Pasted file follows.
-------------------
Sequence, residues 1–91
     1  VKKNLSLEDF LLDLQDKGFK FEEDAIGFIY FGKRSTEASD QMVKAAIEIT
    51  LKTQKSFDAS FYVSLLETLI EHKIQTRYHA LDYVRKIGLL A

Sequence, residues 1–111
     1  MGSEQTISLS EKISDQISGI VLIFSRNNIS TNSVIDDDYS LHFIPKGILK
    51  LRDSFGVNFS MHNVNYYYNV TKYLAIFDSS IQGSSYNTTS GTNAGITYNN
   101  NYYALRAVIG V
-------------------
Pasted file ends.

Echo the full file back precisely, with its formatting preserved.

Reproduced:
Sequence, residues 1–91
     1  VKKNLSLEDF LLDLQDKGFK FEEDAIGFIY FGKRSTEASD QMVKAAIEIT
    51  LKTQKSFDAS FYVSLLETLI EHKIQTRYHA LDYVRKIGLL A

Sequence, residues 1–111
     1  MGSEQTISLS EKISDQISGI VLIFSRNNIS TNSVIDDDYS LHFIPKGILK
    51  LRDSFGVNFS MHNVNYYYNV TKYLAIFDSS IQGSSYNTTS GTNAGITYNN
   101  NYYALRAVIG V